These figures, stunning today when adjusted for inflation, were provided by know-it-all Allan Fotheringham, not yet the celebrity columnist of the same name, who incidentally assessed the value of Cromie’s handsome Shaughnessy house at an alarming $125,000.

But that was very much then. A source familiar with several area print, radio and TV enterprises reports that all are hurting, the common enemy of course the Internet, free and often worth every penny. Yet the dailies, including the Sun under Gordon Fisher, in many respects are better than ever, and still absolutely indispensable.

Now, CKNW. The rich, legendary days are likewise gone, along with Jack Webster, Warren Barker, George Garrett, Frosty Forst and a vast alumni roster of mostly female producers and outstanding executive Shirley Stocker. Front-liners Philip Till and Bill Good recently left hours apart, Till cheerfully telling me: “I’ve had enough, and I’ve got enough.”

Good, 67-ish, with his probity, civility, fairness, balance, integrity and inclusiveness, traits I yearn for, sailed perilously close to the status of Court Broadcaster, socially mingling with the prominent and even offered a job by billionaire Jimmy Pattison during a huge on-air sendoff. Permanent replacements TBA; Chris Gailus and Jay Durant have batted for Till, sassy and smart Mike Smyth for Good.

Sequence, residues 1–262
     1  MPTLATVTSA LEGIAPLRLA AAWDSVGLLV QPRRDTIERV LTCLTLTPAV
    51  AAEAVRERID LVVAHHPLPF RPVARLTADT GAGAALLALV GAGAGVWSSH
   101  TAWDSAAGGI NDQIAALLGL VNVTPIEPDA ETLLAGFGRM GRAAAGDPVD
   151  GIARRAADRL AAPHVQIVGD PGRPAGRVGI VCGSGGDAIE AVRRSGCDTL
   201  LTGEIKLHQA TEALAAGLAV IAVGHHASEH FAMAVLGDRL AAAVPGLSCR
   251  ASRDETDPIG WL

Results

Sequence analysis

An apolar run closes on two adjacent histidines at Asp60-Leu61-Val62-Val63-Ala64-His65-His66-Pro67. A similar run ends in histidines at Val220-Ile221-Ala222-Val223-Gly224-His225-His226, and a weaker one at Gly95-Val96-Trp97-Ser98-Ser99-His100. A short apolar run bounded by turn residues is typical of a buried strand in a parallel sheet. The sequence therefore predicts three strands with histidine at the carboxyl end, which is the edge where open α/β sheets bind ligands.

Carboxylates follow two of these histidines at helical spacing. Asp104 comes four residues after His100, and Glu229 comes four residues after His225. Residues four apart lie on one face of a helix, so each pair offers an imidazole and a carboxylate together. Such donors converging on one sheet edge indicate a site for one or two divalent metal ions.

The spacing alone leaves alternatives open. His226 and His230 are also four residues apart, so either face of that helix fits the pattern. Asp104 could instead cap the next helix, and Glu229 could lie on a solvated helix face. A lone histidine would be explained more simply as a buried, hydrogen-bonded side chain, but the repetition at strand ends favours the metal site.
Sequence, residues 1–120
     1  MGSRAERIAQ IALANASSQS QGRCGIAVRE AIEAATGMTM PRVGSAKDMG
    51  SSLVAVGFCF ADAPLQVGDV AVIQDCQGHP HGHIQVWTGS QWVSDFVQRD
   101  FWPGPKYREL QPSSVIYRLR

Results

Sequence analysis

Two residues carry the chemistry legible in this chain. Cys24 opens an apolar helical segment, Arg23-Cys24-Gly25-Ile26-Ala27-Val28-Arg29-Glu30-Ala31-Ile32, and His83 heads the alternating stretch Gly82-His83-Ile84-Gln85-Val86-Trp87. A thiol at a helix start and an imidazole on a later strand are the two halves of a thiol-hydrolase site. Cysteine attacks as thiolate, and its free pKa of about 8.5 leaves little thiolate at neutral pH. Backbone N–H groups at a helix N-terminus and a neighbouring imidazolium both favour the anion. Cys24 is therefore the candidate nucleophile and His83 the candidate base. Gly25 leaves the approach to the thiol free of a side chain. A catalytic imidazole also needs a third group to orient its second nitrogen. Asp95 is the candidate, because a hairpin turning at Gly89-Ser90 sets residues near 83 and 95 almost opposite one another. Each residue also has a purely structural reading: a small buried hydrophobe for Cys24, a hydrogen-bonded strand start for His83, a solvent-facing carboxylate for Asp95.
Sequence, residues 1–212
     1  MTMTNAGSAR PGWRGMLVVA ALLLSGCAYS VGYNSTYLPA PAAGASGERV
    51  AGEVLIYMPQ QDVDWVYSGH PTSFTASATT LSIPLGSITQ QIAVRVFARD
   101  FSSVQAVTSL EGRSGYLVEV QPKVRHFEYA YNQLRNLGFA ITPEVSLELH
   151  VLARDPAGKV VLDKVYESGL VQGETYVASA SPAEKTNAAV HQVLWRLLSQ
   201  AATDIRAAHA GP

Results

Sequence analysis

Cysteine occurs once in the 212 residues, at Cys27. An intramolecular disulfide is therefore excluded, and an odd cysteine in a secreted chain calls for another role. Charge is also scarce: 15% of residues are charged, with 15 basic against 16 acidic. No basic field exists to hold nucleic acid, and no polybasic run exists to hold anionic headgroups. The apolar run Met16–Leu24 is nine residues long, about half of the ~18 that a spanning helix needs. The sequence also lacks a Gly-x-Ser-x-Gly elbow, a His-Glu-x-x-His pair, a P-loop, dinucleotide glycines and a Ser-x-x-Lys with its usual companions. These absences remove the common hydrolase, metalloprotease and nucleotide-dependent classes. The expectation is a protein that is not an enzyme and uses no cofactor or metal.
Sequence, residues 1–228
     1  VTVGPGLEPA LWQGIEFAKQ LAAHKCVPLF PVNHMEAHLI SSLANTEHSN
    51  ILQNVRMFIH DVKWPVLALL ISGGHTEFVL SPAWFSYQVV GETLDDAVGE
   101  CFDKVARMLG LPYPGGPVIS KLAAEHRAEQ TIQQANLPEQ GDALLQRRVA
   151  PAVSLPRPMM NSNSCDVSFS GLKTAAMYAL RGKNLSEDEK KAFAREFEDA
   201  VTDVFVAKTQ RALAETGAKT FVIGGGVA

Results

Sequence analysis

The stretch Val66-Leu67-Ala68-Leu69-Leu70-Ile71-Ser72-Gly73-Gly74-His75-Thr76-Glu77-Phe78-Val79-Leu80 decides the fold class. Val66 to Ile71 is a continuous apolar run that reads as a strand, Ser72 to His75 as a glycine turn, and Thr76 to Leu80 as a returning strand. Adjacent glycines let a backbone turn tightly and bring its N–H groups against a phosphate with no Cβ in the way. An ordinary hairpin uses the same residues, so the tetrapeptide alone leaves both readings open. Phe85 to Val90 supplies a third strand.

We may never see the glory days reprieved, certainly not at the old income of Rafe Mair. Memory, speak: didn’t it hit $300,000?

© Trevor Lautens, 2014

Milk showdown raises ghosts of 1812

Appeared in the North Shore News – August 17, 2012

BELLINGHAM citizens are furious because Canadian shoppers are monopolizing . . . milk.

Snatching milk from the mouths of American babies.

The Canadian milk-buying invasion is so alarming that pressure is on Bellingham stores like Costco to have dedicated checkouts or time periods for American shoppers only.

Doesn’t the U.S. Constitution have something to say about discrimination? You couldn’t get away with that under Canada’s Charter of Rights and Wrongs.

Bloggers have seized the obvious antecedent: The War of 1812, in which a few thousand British veterans of the Napoleonic Wars, their aboriginal allies led by the great Tecumseh and about 15 Canadian farmers wielding pitchforks heroically beat back the Americans, who were mostly frightened by the native fighters’ whoops in the night.

In my own home province, the Americans got as far as Stoney Creek, Ont., and, disappointed that the locally famous Stoney Creek Milk Bar wasn’t opened yet, retreated sullenly across the border.